6
public class SimplePrint {

public static void main(String[] args) {
    long i = System.currentTimeMillis();
    System.out.println(i);
    float h = 0.0f;
    i -= h;
    System.out.println(i);
  }
}

The output is:

1477904636902

1477904695296

but when i changed the data type of variable of h

public class SimplePrint {

public static void main(String[] args) {
    long i = System.currentTimeMillis();
    System.out.println(i);
    double h = 0.0f;
    i -= h;
    System.out.println(i);
  }
}

the output is changed:

1477904677513

1477904677513

why is this ???

marked as duplicate by 1615903, GhostCat java Oct 31 '16 at 9:17

This question has been asked before and already has an answer. If those answers do not fully address your question, please ask a new question.

  • Rounding error maybe. Float is not precise enough to handle number that large. – Niyoko Yuliawan Oct 31 '16 at 9:09
  • 3
    i -= h; will be expanded to i = i - h; and the calculation is done in float, then converted back to long and will lose it's precission. – Niyoko Yuliawan Oct 31 '16 at 9:10
  • @NiyokoYuliawan Hint: just one, two more sentences, and you would have had a nice answer to upvote. Before anybody else ... so, just in case reputation matters to you: you already had 80% of an answer ready ... and now it is too late, as I dup-closed the question ... – GhostCat Oct 31 '16 at 9:17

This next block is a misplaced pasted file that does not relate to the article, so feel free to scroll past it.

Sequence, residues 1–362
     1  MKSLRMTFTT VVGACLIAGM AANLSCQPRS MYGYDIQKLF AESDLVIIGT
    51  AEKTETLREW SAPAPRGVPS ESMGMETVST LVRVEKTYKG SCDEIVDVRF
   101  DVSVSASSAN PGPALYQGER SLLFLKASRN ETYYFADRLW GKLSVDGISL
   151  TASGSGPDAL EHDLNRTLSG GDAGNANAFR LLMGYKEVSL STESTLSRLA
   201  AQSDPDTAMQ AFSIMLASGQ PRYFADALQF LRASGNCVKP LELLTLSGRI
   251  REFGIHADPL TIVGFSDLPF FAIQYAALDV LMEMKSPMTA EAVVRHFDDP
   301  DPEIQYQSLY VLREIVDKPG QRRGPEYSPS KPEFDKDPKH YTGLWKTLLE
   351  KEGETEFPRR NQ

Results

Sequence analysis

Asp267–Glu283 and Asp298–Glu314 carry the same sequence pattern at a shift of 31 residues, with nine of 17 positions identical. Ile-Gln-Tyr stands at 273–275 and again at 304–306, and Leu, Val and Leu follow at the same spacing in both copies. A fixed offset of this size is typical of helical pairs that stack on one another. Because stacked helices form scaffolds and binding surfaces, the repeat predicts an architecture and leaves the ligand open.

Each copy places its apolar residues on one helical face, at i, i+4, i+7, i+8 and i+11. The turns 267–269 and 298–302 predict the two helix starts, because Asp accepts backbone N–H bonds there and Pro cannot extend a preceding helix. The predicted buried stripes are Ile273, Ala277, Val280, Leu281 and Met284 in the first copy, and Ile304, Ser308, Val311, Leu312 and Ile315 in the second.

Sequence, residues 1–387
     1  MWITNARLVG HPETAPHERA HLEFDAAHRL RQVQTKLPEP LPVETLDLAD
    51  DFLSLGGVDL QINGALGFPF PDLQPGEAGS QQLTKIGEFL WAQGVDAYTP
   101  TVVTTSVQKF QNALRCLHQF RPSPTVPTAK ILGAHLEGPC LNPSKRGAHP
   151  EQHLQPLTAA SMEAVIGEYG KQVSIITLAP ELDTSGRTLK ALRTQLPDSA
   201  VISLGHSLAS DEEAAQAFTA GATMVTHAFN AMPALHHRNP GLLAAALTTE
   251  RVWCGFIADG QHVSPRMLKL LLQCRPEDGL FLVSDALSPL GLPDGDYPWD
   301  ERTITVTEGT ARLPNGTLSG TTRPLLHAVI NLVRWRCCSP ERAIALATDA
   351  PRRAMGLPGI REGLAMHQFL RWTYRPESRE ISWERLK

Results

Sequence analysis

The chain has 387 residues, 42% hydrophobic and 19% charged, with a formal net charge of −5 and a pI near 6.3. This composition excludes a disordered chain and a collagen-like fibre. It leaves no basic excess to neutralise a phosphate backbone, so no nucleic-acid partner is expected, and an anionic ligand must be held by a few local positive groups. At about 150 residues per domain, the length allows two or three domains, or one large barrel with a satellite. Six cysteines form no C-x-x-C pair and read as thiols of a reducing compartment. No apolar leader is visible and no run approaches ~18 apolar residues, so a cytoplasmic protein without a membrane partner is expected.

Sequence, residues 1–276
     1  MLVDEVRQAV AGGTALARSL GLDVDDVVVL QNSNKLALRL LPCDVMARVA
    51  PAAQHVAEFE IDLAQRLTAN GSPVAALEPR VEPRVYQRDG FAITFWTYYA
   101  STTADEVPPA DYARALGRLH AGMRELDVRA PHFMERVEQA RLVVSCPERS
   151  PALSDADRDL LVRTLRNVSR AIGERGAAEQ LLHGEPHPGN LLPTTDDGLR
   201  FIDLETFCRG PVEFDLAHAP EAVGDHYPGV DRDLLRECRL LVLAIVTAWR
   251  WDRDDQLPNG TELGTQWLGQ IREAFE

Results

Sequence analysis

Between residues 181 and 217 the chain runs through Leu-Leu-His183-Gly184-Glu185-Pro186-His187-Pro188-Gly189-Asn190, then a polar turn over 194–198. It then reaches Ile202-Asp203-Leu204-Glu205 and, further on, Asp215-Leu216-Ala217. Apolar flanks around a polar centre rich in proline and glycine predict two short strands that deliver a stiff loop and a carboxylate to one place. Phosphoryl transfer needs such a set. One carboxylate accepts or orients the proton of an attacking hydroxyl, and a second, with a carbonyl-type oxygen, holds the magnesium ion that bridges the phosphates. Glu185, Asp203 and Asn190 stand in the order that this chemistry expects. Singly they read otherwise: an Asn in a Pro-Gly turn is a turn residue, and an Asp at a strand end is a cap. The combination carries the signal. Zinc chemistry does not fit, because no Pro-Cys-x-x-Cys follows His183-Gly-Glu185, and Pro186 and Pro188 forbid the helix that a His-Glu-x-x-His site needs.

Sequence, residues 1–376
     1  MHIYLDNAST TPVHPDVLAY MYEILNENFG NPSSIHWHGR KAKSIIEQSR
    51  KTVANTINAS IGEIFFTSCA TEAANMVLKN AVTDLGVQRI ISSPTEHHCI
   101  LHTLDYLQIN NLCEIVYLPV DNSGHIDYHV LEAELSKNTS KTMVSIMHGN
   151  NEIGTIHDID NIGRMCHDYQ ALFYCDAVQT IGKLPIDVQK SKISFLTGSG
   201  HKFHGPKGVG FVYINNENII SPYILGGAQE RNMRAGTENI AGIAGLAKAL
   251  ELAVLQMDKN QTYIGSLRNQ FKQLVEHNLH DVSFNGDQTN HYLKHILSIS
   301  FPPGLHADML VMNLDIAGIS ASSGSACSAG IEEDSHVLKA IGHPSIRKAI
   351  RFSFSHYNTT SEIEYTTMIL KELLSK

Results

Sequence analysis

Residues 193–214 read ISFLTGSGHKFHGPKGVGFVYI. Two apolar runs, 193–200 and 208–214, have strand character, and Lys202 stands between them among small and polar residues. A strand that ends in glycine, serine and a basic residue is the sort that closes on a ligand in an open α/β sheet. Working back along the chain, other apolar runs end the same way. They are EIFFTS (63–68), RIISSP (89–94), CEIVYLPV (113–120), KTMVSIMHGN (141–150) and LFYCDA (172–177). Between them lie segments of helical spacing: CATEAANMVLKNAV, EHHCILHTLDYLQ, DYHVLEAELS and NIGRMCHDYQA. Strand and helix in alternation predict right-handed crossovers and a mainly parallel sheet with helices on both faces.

6

As is documented in JLS Sec 15.26.2, the compound assignment operator E1 op= E2 is equivalent to

E1 = (T) ((E1) op (E2))

where T is the type of E1.

So, what you're doing in the first case is:

i = (long) (i - 0.0f)

In order to evaluate the -, i has to be cast to a float, as described in JLS Sec 15.18.2:

Binary numeric promotion is performed on the operands (§5.6.2).

and 5.6.2:

Otherwise, if either operand is of type float, the other is converted to float.

The problem is that the value of i cannot be exactly represented as a float: because float only has 24 bits of significand (see here), only values up to around 2^24 (=16777216) can be represented exactly; but the current millis time (on my machine, at least), is around 1477905410000, which is way bigger.

So, you lose precision in converting to float, and that precision can't be recovered when casting back to long.

5

Your code is basically:

i = (long) (float) i;

or

i = (long) (double) i;

Now, in Java a float has 23 bits of precision, whilst a double has 52. 1477904677513 has 40 bits in it - 10101100000011001111110111011101010001001, so when converting to a float you lose the bottom 17 bits, so you see the values change.

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